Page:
This is basically a form of essentialism. College diversity officers are unaware that this was exactly the same assumption of 19th century racial scientists who believed that no matter how much Western education a Zulu child may receive, he would never be civilized. Somehow, there was something inherent in the biological essence of that child that would make him a Zulu for life, even if he behaved thoroughly as an Englishman. Likewise, there is something inherent in white people’s biology that will forever make them incapable of joining another culture.
In fact, the whole notion of “cultural appropriation” is detrimental to any cultural hybridization. Rudyard Kipling (he, of the infamous “White Man’s Burden” poem) declared in another of his well-known poems that “East is East, and West is West, and never the twain shall meet.” He has been rightly castigated by postcolonialist critics who point out that, ever since Homo sapiens left Africa to populate the planet, groups have borrowed things from others (how on Earth could the use of fire become universal, if not for cultural appropriation?). Yet, the same postcolonialist critics and leftist gurus, who should know better, somehow give in to the current Halloween moral panic and eagerly impose (not just advise) college students not to wear anything that is not part of the ethnic group they were born into. Alas, East is East and West is West, and never shall the twain meet.
As usual, of course, there are double standards in all of this. A black guy wearing a Scottish kilt is not guilty of cultural appropriation, because, well, black people cannot be racist. According to this tired old mantra, they cannot be racist because they lack power in our societies, even if Oprah Winfrey or Barack Obama would surely get huge preferential treatment over some rural white person at a store. College diversity officers do not care much if ethnic minorities embrace Western habits (such as Halloween parties); their obsession is only with whites embracing non-Western modes.
Interestingly, in some areas of the Third World (but especially in Latin America), the Halloween moral panic is inverse. There, progressives are eager for gringos not just to wear the artisanry made by local Natives—but to consume all sorts of things produced south of the border. This is basically a form of protectionism (the same kind that they hypocritically critique when it comes to the Trump administration) that seeks to increase exports and reduce imports.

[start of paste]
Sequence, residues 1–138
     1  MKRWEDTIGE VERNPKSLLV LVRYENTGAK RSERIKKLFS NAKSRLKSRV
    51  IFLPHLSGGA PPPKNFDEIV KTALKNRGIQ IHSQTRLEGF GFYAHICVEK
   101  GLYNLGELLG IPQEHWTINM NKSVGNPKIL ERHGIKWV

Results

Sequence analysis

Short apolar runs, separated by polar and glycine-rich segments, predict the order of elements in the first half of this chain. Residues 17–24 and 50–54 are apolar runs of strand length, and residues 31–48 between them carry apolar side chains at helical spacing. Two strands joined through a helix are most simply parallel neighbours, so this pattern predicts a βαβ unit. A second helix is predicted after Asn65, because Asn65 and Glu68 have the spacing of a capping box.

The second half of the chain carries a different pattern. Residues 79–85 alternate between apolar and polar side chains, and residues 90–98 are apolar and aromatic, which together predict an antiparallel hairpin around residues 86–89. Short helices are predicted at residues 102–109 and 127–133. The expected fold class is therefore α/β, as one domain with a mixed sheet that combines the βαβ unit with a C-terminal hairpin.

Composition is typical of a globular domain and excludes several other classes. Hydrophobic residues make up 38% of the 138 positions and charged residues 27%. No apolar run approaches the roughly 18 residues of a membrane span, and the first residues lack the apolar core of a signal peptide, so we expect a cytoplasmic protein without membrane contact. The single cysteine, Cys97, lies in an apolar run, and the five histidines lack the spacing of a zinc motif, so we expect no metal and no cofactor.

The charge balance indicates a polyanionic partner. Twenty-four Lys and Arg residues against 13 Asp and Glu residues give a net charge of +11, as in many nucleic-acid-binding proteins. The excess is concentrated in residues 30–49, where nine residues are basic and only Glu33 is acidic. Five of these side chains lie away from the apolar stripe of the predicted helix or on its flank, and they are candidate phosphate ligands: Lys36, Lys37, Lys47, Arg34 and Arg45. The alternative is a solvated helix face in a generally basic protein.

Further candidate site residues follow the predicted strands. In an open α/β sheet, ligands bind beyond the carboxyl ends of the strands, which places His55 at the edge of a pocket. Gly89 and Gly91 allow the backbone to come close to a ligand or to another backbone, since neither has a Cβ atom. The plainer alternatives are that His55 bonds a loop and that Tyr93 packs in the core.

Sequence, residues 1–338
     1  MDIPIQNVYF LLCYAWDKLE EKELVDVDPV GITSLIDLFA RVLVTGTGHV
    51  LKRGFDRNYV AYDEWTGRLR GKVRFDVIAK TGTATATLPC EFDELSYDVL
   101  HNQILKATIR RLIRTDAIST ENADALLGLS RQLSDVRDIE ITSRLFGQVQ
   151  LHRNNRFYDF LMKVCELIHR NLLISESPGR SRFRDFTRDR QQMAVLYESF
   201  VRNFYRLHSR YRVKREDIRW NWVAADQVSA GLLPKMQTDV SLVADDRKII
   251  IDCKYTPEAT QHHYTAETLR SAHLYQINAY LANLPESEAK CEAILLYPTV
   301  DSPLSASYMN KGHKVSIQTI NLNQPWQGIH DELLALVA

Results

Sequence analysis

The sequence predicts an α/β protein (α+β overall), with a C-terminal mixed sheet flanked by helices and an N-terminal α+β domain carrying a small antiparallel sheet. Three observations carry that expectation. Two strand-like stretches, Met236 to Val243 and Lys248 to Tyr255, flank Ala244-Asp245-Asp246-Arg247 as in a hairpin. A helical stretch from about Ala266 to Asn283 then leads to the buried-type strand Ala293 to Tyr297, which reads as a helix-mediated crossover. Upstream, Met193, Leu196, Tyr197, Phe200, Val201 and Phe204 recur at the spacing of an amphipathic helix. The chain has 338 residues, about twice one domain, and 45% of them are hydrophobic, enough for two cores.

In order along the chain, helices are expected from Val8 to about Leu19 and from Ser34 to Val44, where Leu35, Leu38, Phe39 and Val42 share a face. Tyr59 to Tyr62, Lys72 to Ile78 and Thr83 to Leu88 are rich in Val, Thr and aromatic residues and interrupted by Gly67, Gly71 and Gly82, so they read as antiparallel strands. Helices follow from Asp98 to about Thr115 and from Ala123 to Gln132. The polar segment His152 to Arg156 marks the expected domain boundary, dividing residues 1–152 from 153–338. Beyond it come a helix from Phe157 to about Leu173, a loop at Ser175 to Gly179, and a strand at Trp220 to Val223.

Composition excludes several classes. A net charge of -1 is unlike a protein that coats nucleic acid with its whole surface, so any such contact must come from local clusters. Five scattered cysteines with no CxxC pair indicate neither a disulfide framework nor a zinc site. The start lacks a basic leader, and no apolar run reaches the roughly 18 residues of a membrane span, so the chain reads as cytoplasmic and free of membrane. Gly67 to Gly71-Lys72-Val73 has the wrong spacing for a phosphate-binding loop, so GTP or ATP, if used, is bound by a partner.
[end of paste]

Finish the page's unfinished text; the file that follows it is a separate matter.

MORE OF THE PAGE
And, as nationalism is alive and well in Latin America, progressives see Halloween as a major threat to the Volksgeist of their nations. They see it as a form of cultural imperialism, and, hence, they obsess over it. In some cases (as in Venezuela during Hugo Chávez’s times), the anti-imperialist left allies itself with the religious right on this issue. In one single speech (as was frequently the case with Chávez), Halloween may be attacked because it represents Third World oppression and it induces children to go down the Dark Path.
After all, Halloween is Irish in origin, even though it may now seem thoroughly American. Latin American leftists miss an important point: as opposed to other forms of imperialism, cultural imperialism is not always bad.
These critics are not wrong about the cultural imperialism part. But, even the gringos are victims of this imperialism. After all, Halloween is Irish in origin, even though it may now seem thoroughly American. Latin American leftists miss an important point: as opposed to other forms of imperialism, cultural imperialism is not always bad. If a good thing becomes globalized, and one culture renounces its local habits to embrace the more universalist habits, what is the harm? This is exactly what Americans did by embracing Hallowing from Ireland—and making it as American as Apple Pie (English in origin, needless to say). In fact, even Latin American leftists do this; they all love soccer and baseball. I suppose their hearts will be broken when they are told where those sports come from. Surely, twenty-two Latin American men running behind a ball, or hitting a small ball with a bat, was originally a form of cultural imperialism. But, ultimately, by embracing it, they made soccer and baseball part of Latin culture, to the point that Diego Maradona or Sammy Sosa are huge symbols of pride for Latin American people.
The fact that Latin American nationalists are happy with soccer and baseball but somehow stubbornly reject Halloween seems to prove that—as happens north of the Rio Grande—this particular holiday is embedded with irrational moral panics that may morph but never truly go away. Yet, I remain optimistic; despite the absurd views of evangelical pastors, college diversity officers, and Latin American leftist nationalists, Halloween is unstoppable, and this is for the good of humanity.
Dr. Gabriel Andrade teaches ethics and behavioral science at Ajman University, United Arab Emirates. He has previously contributed to Areo Magazine and DePauw University’s The Prindle Post.